I got some antibiotics and was feeling better by the next day. Latching was slowly starting to get easier and my nipples were starting to heal. I still had to stomp my foot and say FUUUUCK out loud when The Baby started his feeds, but the pain faded after the first minute.

Then I started getting paranoid about getting thrush from the antibiotics, so after feeds I would dunk my boobs in cups of warm saline solution. I also spent half a year’s salary on those Lansinoh Soothies gel pads, which are unbelievably expensive but worth every cent.

I got mastitis one more time – The night before The Husband was due to go back to work, I woke at 3 a.m. with a throbbing pain in my left breast and immediately the chills set in. I felt too guilty to interrupt The Husband’s sleep to ask him for help (stupid), but ended up waking him up two hours later because my chills were shaking the bed. I unplugged this duct without shredding my skin and nursed and laid in bed and felt better that afternoon, but it was once again awful.

Finally, finally, as The Baby got bigger, feeding him got easier.

Quitting never occurred to me as an option for some reason, but I can see why some women do, and don’t blame them one bit. At least I had a GREAT supply, and plenty of time to work on it and lots of help. If I had been in agony and my baby wasn’t getting enough milk, or I had to go back to work far sooner… Ugh. It can be really daunting.

I’m so grateful that breastfeeding worked out for me, despite a rocky start. It is such an awesome bonding experience, it’s free (except for having to keep up with my ravenous appetite) and it’s super, super good for him.

So that’s my stumbling, fumbling entry into breastfeeding. If you’re reading this, feeding your new baby, good luck to you. You can do it. I believe in you! It gets easier, and then it gets awesome.

(And if you decide you can’t or don’t want to do it anymore, you can do that too! Fed is best, as they say.)

How did your early days with breastfeeding go? Share in the comments!

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Breastfeeding: The early days can suck

First Father’s Day Card from The Baby

DIY Father's Day Card from the BabyI’ve been meaning to share this craft since last weekend, but life got in the way again. It was The Husband’s birthday last weekend, and The Baby and I decided to make him a birthday card. I love how it turned out, and it was easy and fun to make, so I thought I’d share it with the wider momosphere in time for Father’s Day.

The Baby has been a kicking machine since he can-canned his way out into this world. He’s one of those babies who prefers to stand assisted on your lap than to sit. As I’ve mentioned before, his nickname is Kickpuncher because of all his flailing.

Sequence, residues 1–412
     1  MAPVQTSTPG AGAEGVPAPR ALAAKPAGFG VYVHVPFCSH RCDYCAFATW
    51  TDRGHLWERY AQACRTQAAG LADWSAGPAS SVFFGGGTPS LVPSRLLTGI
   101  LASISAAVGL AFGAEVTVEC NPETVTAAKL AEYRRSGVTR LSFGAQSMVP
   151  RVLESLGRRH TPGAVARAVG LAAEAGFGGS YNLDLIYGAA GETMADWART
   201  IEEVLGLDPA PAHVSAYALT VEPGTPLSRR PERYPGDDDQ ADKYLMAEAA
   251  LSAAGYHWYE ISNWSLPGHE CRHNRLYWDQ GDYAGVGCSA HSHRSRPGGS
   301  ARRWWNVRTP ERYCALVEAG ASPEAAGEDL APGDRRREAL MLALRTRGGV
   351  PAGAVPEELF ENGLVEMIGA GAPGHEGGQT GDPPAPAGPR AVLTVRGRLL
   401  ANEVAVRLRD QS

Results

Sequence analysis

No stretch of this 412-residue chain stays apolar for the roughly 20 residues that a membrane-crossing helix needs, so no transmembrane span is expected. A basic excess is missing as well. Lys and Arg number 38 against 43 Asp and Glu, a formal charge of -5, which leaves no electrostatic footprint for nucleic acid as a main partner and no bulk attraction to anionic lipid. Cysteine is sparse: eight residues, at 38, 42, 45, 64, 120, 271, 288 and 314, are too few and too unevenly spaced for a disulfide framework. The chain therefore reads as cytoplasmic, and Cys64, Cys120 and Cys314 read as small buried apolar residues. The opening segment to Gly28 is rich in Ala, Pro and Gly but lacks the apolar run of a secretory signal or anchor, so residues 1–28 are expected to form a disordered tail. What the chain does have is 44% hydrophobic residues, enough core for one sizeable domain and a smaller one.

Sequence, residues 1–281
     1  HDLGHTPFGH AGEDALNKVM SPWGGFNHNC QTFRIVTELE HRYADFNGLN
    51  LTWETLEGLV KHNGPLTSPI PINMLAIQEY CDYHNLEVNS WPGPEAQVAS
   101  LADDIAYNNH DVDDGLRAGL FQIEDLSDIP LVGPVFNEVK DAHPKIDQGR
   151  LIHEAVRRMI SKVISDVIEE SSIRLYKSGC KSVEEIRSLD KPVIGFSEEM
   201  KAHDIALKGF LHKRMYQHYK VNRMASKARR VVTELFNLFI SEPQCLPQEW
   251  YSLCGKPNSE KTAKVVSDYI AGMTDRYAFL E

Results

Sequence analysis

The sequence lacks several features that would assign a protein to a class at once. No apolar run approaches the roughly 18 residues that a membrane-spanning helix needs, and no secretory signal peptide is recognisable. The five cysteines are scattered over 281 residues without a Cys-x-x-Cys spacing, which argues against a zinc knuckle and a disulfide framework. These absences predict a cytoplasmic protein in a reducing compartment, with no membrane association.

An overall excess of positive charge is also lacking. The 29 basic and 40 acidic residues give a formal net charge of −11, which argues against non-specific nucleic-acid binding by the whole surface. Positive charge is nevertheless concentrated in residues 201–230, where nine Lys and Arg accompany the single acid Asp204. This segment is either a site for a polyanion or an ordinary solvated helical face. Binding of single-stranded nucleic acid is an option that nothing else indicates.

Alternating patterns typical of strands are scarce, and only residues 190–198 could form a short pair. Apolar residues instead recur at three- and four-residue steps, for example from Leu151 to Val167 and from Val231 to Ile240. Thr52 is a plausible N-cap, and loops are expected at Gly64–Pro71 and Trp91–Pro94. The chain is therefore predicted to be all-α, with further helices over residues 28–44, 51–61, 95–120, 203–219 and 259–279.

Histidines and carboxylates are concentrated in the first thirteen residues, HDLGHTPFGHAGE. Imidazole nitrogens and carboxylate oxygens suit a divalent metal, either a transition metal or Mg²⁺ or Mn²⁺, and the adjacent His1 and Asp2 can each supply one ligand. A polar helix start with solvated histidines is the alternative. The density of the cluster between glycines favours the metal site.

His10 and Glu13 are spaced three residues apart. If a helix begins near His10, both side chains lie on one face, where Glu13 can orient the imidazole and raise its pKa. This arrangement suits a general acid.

This craft actually first emerged on Mother’s Day, when I woke up early in the morning and tried it out on a pair of canvas totes for both of The Baby’s grandmothers. My tactics got a little more refined for this birthday card, but the essential formula is:

paint + kicking baby feet + surface = awesome abstract art

DIY First Father’s Day Card from the Baby


  • Watercolor paper
  • Non-toxic paints
  • Masking tape
  • Sponge brush or other paint mixing tool
  • A big piece of cardboard or wide, shallow box
  • A large container to use as a palette – even big paper plates work
  • Dish tub or other baby-sized bucket
  • Old towels and old wash cloth
  • Baby soap
  • Blank card and envelope
  • A helper or a place to put baby where he can’t reach his feet
  • Mod Podge


Take some time to prep. This is best done outdoors or on a floor you can wash up quickly (obviously, avoid carpeting.) Put on some old clothes, strip The Baby down to his diaper and let him play nearby while you set up.

Lay out the cardboard or box and tape a few pieces of watercolor paper to it. You can also use the masking tape to mask off some parts of the paper to make a decoration.

Tape your paper to the cardboard.

Fill the dish tub/baby tub with warm water and add a few squirts of baby soap.

Pick your paints. I used acrylic because it’s what I had on hand and it says on the bottle it’s non-toxic, but do your own research. Tempera paint is probably better. I like to hold up two paints and let The Baby pick his favorite. I squirt out some of this color onto my palette (I used big paper plates for the Mother’s Day craft and that worked really well; I couldn’t find them so I used bread pans for this one. The Baby has monster feet so this was kind of tough.) Anyway, for the Father’s Day card, I cut in some white to whatever color he chose, but only with about half the paint, to give it some variation. The picture below is just the tinted paint, but in the other half of the pan I squirted just the red, so he’d basically get a foot with each color. You can also do two similar colors (red and orange, say) in one go.